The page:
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post #11 of 49 Old 11-11-2019
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Re: Path used to compute bearing and distance by GPS?

I dont understand the problem. If the question is "How does GPS compute course and heading" thats pretty simple. Spherical geometry is how one computes angles on a sphere. Smart guys worked that out a long time ago. Geographic models such as the WGS84 are used to translate the earth surface into a 2d image that we use on our charts. I thought the OP was asking what model is used to model the earth surface, but maybe he needs to clarify.

Google Spherical Geometry and WGS 84.



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post #12 of 49 Old 11-11-2019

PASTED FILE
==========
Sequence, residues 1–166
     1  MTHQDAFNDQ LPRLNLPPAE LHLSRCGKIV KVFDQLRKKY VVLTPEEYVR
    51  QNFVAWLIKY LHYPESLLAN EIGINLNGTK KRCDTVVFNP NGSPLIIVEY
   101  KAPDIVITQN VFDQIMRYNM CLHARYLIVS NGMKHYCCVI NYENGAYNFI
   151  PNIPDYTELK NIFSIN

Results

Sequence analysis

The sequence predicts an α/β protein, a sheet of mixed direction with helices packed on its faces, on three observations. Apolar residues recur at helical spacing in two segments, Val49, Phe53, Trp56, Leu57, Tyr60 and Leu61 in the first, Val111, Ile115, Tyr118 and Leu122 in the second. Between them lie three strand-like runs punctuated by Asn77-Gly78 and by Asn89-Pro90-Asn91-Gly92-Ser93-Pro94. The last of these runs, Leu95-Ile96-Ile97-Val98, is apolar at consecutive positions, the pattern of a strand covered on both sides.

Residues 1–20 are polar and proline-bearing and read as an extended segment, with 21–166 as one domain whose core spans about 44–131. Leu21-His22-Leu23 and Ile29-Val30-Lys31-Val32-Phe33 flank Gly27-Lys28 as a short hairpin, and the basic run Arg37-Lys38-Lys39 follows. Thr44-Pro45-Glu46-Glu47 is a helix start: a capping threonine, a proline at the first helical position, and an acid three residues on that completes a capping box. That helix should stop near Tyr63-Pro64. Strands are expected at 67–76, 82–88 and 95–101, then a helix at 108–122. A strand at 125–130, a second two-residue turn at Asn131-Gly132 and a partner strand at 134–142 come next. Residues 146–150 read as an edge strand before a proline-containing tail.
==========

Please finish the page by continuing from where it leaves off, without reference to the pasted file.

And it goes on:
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Re: Path used to compute bearing and distance by GPS?

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I dont understand the problem. If the question is "How does GPS compute course and heading" thats pretty simple. Spherical geometry is how one computes angles on a sphere. Smart guys worked that out a long time ago. Geographic models such as the WGS84 are used to translate a spherical surface into a 2d image that we use on our charts. I thought the OP was asking what model is used to model the earth surface, but maybe he needs to clarify.

Google Spherical Geometry and WGS 84.
Bot we all realize that for a waypoit/destination thousands of miles away... the ship's heading for the shortest path... will be changing as it proceeds. That is if you entered a waypoint 2,000 miles away that is not on the same lattitude... and your plotter told you to steer Xį at the get go and you held THAT Xį heading you would miss the mark!

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post #13 of 49 Old 11-11-2019
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Re: Path used to compute bearing and distance by GPS?